If robots had feelings, Asimo would likely need an appointment with a good therapist after a bout of bad press this month.

When an upgraded Asimo appeared for a performance at Tokyo’s Miraikan (the National Museum of Emerging Science and Innovation) recently, the Associated Press noted that Asimo couldn’t distinguish between raised hands and others taking smartphone pictures. At one point, Asimo froze and kept repeating the same line to a crowd of onlookers.

The Associated Press also noted that in 2011, Asimo was unable to enter the Fukushima Dai-ichi nuclear power plant following the Great East Japan Earthquake.

Okay, so a dancing, tea-serving, soccer ball-kicking robot couldn’t save Japan from a nuclear meltdown. I doubt Batman could have done much about it, either.

There is probably room in a technical journal somewhere to discuss whether Asimo’s manufacturer, Honda, should be further along in its robotics development, but I doubt most museum-goers care.

For adults weaned on Western pop culture, it’s a thoroughly cool robot that brings back memories of the old Buck Rogers TV show, fantastical year 2000 predictions (still waiting for my jetpack) and whatever the imagination could spawn from action figures.

Children today are exposed to high technology as infants, and by my observation, they were pretty excited too.

So what if Asimo is glitchy? One of the overarching lessons of Miraikan’s varying exhibits is that failure in science is part of the learning process, and is sometimes even desirable.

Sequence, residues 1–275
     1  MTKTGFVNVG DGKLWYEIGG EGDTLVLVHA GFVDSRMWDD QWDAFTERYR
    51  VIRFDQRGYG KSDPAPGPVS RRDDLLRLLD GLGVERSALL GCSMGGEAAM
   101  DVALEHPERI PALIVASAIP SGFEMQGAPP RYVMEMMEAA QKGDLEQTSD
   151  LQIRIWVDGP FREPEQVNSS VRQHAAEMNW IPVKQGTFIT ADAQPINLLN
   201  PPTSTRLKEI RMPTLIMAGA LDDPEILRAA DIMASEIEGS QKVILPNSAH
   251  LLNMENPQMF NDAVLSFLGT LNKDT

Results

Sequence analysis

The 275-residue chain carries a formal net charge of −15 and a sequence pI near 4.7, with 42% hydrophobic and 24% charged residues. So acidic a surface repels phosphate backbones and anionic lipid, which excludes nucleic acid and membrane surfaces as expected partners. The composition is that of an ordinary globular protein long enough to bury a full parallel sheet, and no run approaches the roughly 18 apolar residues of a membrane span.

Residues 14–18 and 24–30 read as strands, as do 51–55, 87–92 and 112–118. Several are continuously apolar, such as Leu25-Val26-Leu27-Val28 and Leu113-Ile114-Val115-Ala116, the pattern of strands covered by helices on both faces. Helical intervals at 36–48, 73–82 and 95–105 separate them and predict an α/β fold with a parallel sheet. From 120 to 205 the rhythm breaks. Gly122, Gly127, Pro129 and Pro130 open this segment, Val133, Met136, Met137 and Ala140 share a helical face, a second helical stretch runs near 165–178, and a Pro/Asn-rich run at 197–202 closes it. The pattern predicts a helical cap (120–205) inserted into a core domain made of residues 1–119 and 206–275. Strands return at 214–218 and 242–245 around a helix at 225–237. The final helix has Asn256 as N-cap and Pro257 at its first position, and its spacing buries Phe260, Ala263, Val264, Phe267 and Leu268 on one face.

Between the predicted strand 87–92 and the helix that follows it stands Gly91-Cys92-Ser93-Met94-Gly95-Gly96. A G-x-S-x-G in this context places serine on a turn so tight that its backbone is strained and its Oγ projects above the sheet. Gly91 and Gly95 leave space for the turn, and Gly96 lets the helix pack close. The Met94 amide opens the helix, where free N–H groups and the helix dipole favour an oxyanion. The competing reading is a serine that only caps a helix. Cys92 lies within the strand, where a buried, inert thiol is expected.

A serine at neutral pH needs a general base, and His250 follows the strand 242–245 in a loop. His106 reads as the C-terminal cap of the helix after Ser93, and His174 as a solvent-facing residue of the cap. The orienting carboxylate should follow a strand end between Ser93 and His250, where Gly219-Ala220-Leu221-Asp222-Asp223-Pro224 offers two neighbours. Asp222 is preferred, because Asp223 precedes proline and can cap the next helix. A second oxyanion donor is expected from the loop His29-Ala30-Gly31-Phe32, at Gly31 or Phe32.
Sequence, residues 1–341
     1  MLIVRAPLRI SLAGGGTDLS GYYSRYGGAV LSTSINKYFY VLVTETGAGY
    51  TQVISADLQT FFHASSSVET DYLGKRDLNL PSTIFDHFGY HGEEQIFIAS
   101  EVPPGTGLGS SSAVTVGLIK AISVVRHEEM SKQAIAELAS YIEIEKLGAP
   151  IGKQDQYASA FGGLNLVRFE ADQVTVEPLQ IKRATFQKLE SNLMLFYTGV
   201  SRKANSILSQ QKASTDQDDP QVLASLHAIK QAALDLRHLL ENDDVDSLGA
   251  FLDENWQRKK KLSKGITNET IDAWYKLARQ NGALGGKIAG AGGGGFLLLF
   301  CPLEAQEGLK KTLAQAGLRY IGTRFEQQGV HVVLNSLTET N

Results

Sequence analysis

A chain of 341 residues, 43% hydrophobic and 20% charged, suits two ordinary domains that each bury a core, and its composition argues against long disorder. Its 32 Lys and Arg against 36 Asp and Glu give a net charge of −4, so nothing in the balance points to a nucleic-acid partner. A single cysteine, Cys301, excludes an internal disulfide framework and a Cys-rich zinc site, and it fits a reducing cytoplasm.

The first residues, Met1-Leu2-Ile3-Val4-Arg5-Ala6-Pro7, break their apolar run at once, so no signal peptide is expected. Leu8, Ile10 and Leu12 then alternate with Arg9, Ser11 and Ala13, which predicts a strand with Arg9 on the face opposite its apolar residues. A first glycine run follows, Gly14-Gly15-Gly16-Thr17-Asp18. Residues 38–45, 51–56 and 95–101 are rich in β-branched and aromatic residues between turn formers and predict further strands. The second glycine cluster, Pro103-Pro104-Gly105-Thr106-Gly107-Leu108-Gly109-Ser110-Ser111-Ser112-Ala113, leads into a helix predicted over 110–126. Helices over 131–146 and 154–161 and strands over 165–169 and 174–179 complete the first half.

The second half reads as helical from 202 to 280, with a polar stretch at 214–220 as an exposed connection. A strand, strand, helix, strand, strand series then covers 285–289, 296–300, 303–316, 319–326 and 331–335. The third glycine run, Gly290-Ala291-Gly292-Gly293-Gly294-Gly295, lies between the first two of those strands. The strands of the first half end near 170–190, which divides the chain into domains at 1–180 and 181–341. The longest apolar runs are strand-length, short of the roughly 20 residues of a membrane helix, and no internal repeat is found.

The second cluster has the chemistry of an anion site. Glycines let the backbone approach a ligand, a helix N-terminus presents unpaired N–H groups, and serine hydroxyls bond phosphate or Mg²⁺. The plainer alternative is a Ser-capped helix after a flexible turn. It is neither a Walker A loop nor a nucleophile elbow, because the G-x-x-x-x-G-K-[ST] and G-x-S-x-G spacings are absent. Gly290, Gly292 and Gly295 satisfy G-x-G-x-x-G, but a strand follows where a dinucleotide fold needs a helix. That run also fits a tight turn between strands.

One of the nearby exhibits shows the timeline of several types of scientific endeavors, where small advances in identifying life went on to help cure diseases. In between, there were no doubt several failures.

Some of the best-qualified people to vouch for that are the museum’s science communicators, several of whom speak at least some English. They are located throughout the building and able to answer questions about the exhibits. After a quick survey, I found their expertise to range from bugs to brains to volcanoes.

The broad range of talent goes with the museum’s ever-changing focus.

“There aren’t many permanent exhibits, so there’s always something new,” said Isao Yamasaki, one of the museum’s scientists.

It’s easy to spend a few hours wandering the floors, stopping for a while at whatever seems striking. There is plenty to learn about earthquakes, human impact on the environment, biology, space and more. There are also several planetarium shows each day. While translation devices exist, there weren’t any available when I attended. If you have to wait a few hours for a show and don’t understand Japanese, I wouldn’t bother.

That said, Miraikan is worth the price of admission and a nice break from the shopping frenzy and summer sun of Tokyo’s Odaiba area. Enjoy Asimo, but if he should stutter or get confused by your smartphone, do Asimo a favor — cut him some slack. Twitter: @eslavin_stripes

DirectionsThe museum is a five-minute walk from the Yurikamome line’s Tokyo Teleport Station or the Fune-no-kagakukan Station. A free shuttle bus is available from 10 locations in Odaiba, including the Venus Fort mall.

TimesMiraikan is open from 10 a.m. to 5 p.m., and closed on Tuesdays and some holidays. Asimo demonstrations begin at 11 a.m. and 2 p.m. for 10 minutes.

CostsAdmission for adults is 600 yen. Ages 18 and under get in for 200 yen on regular days, and can attend for free on Saturdays. Tickets for the planetarium and some other shows are required. Staff scientists recommend picking up first-come, first-serve tickets early, even for afternoon shows.

FoodThe Maraikan 5F Cafe offers snacks and drinks, and is open from 10 a.m. to 5 p.m.

InformationThe museum website:

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